This article appeared in Retail Week, 26 May 2017

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Volatility killed the strategic plan

Strategic planning in retail used to be so simple, didn’t it? For the decade up to 2009, more than three quarters of total value creation in the UK retail sector resulted from just three drivers: store roll out enabled by the exit of independents, like-for-like sales growth supported by credit extension, and margin expansion from the shift to Far East sourcing. Once a good formula was established, most retailers profitably maintained a plan of steady incrementalism.

Now, none of these factors endures. Not only is the outlook tougher, but it is structurally more volatile and ambiguous.

Many chief executives are whistling uneasily in the fog of consumer behaviour changes, technology innovation, industry disruption, political shocks, and even the potential for a reversal of globalisation. The traditional annual planning process – linear, incremental and numbers-based – feels futile. Forecasting and analysis seem incapable of predicting the next earthquake.

In response, wise CEOs are insisting on greater preservation of flexibility. Typically, lease lengths are being managed down, supply chains are shortening, sourcing is being diversified, and systems development is more agile. But minimising risk on its own is not enough. Hanging loose is no substitute for strategy.

In this new world, it is useful to think about strategy over two broad timeframes: the vision and the here-and-now.

The vision may need to be rethought. The classic advantages of competitive position are being challenged.

If your vision includes words like ‘leader’, ‘scale’ or ‘global’, these may no longer be strengths in a world which is unstable and unpredictable. ‘Learning’, ‘customer-focused’, and ‘fast’ are more relevant. However as Jeff Bezos points out, while much thought is applied to what might change, at least as important is what’s not going to change. Lower prices and faster fulfilment are unlikely to be unpopular with customers, so effort in these areas will still be paying off well into the future.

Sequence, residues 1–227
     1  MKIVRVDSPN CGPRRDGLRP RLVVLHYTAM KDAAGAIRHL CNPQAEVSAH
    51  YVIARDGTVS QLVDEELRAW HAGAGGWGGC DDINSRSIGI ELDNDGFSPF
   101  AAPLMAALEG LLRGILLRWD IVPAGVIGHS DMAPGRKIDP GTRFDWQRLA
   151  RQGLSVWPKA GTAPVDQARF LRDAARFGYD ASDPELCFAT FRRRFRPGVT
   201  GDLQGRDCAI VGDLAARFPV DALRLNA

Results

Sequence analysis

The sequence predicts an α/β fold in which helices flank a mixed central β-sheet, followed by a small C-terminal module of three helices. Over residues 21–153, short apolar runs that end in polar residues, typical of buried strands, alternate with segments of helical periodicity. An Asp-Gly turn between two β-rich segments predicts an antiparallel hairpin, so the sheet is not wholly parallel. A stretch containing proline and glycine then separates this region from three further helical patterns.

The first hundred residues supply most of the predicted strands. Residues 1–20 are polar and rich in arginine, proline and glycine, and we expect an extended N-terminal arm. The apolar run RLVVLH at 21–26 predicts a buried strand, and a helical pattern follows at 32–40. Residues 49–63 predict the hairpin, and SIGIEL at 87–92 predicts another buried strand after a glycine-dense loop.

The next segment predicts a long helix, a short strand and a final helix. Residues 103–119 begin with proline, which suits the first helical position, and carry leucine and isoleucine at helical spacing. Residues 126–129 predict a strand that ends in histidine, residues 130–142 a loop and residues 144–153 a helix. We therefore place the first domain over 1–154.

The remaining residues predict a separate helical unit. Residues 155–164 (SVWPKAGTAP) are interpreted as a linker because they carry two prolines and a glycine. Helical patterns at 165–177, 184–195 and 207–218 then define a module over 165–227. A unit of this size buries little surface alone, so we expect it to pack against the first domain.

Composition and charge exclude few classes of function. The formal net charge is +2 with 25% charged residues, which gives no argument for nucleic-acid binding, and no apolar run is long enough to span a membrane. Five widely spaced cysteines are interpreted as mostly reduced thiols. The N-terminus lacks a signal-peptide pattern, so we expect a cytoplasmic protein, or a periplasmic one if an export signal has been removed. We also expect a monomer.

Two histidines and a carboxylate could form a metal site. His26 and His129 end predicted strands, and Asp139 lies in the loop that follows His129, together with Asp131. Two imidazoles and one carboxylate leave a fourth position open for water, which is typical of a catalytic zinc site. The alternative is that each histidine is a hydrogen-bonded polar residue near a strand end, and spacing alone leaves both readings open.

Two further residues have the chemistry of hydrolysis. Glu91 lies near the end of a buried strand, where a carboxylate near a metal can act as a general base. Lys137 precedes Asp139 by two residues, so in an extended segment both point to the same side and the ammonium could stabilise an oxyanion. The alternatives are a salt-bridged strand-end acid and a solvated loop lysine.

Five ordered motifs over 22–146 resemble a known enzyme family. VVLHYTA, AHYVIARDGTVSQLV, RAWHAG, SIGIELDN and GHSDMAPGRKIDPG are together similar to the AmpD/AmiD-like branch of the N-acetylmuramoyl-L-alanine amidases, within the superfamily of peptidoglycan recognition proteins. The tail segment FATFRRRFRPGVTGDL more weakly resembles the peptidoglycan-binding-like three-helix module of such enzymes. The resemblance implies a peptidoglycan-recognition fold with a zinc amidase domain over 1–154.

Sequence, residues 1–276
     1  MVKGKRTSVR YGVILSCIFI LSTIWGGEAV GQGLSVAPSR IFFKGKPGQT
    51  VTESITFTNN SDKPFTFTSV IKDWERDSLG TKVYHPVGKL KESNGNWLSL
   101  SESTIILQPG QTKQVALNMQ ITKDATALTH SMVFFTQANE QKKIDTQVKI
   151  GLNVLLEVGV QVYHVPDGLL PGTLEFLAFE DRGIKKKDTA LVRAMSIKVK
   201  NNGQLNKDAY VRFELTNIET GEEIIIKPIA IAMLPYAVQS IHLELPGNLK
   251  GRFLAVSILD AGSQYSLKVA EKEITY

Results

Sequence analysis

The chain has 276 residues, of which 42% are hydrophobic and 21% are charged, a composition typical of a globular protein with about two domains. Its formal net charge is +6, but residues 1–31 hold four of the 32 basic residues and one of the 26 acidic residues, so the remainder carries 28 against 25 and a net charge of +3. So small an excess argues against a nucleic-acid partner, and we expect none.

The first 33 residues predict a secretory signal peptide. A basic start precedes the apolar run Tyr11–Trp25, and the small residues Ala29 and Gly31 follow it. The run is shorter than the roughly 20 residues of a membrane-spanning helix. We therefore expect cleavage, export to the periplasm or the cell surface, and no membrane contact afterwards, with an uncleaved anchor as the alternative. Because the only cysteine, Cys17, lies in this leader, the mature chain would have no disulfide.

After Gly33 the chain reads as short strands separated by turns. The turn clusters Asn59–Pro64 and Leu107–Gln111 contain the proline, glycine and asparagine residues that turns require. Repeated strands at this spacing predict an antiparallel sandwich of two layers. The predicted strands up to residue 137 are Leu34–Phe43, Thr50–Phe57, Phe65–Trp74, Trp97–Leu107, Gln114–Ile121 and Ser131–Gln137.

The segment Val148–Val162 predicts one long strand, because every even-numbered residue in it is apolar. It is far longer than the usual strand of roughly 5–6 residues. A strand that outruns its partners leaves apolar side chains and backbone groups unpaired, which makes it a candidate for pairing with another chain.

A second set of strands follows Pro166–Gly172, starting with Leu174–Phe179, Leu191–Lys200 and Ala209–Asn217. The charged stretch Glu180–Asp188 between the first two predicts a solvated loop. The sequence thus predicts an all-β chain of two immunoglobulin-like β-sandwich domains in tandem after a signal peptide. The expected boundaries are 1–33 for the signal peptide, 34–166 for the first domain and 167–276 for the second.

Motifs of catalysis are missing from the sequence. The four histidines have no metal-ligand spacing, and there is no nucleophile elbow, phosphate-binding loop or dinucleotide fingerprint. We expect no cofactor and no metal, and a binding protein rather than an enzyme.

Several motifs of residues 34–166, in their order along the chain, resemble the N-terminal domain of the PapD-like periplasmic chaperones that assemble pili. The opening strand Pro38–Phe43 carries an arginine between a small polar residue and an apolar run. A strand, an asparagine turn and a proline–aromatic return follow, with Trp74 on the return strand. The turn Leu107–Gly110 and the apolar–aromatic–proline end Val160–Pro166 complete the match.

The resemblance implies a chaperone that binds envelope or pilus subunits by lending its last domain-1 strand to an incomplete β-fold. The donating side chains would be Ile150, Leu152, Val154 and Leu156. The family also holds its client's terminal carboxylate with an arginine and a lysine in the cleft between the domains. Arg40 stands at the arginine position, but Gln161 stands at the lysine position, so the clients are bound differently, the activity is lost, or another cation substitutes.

The here-and-now is about validating and prioritising actions, monitoring strategy execution, and being ready to course-correct. It is a continuous process, not an annual one. It’s about resetting objectives and deciding what should be stopped. It’s about self-cannibalising before others do. It’s about tolerating uncertainty and failure.

Key to this is an area badly neglected by most multi-channel retailers: experimentation. Generating, simulating, testing and exploiting innovation is critical to effective strategy development. Retailers have the advantage over many industries that prototyping is generally fast and cheap, particularly in the digital environment. But innovation should not just be about new products or services: it should be about processes, organisation and business models.

Retailers are reconciling themselves to a capricious and mercurial world. There will be some who embrace this not as a threat, but as an opportunity to upturn the established order and seize an edge. Doing so will not come from cranking the handle on a planning process which is no longer fit for purpose.

This article appeared in Retail Week, 24 February 2017

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Stores are far from a waste of space

Space is big, as The Hitchhiker’s Guide to the Galaxy accurately noted. And with 22 per cent of non-food sales having moved online and the typical store experiencing negative like-for-likes of two to three per cent each year, the retail industry is realising how vastly, hugely, mind-bogglingly big it is.